Day 35 = Sunday, April 15, 2012
This had to be one of the most exciting days of our trip, I said to Quinland as I started writing this post. She disagreed, vehemently, but I still contend that it was. When else have we seen hundreds of people work to make human towers? Not until we’d seen the castellers.
After an early start (ha!), we went into town at 11:00 to see a castellers performance. We got there early to stake a claim to a good spot; it ended up being such a good spot that all the casteller family members hung out there with all their backpacks and strollers and snacks. Because we were right there in the midst of them all, a super nice casteller guy told us all about everything we were seeing.
First, there were three teams of castellers performing. They took turns making towers with two people on each level, then three people on each level, then four people on each level. We didn’t realize it at first, but one-person and two-person levels are the hardest to build.
To build a castell (the Catalan word for castle), the team members first build a very strong base which can involve several hundred people. The men at the center of the base join hands in the air; others support the raised arms from underneath. Still more people support those arms, and so on, until a huge base is built. It may serve a dual purpose of catching the climbers if the tower collapses. The first level of castellers climb on the shoulders of the base and stand on the support in the center; the raised hands support their behinds from behind to keep them upright as the successive layers of the tower are added.
At this point, the climbers who will make up the various levels of the tower line up and get ready to climb. Once they make the base and first level, the rest of the tower is built steadily but quickly, so that the bottom guys do not tire out. The climbers get successively smaller: young men, young women, teenagers, little children. The littlest ones – who climb four- or five-stories high – wear helmets, thank goodness. Everyone climbs by digging their toes into the waistbands of the previous levels and then climbing onto shoulders. The waistbands are extremely long lengths of fabric that are tightly wound to provide back support as well as toe-holds. Each level holds itself steady by holding onto each other’s shoulders as well. (We saw many with their shirt collars clenched in their teeth; we aren’t sure, but we think it is so they don’t suffocate if their shirts are pulled tightly by climbers.)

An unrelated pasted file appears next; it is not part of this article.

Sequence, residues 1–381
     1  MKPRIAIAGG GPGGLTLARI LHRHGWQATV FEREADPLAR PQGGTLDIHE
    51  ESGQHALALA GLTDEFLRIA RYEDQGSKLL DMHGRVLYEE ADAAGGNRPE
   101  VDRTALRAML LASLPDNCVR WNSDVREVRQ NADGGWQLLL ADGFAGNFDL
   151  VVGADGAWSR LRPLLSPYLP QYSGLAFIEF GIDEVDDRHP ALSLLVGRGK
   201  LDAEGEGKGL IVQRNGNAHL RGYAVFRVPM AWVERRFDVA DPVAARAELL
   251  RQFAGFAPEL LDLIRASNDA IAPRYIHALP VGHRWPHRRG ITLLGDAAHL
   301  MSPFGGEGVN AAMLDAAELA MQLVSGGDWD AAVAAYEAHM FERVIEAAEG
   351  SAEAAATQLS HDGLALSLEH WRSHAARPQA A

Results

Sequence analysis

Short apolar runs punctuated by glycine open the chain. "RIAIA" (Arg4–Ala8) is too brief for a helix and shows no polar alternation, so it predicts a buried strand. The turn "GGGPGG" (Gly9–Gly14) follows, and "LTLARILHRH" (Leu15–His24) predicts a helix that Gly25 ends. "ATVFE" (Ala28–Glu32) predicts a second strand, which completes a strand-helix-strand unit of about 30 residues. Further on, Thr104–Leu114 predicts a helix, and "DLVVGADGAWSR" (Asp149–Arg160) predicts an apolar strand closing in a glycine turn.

Once the littlest child reaches the top and lets go with one hand to salute the crowd, the tower is completed. However, in competition scoring, the tower is not truly done unless it can be completely dismantled without collapsing. (Apparently the disassembly is the trickiest part, as each level slides down the outside of the levels below them, just like sliding down a firepole.) In the entire afternoon, we only saw one tower collapse. It imploded, so no one fell far, and everyone was caught safely by the people making up the base.
But I am rambling on when you could see for yourself! Click on the first photo in the gallery below to see full-sized photos of the Castellers da Vilafranca building a six-level castell. It is truly a sight to behold.
More later on our visit to Barcelona’s beaches later that day! (Okay, don’t get your hopes up – the weather was lovely when we headed out, but quickly went downhill. Luckily, like good Oregonians, we brought a kite…)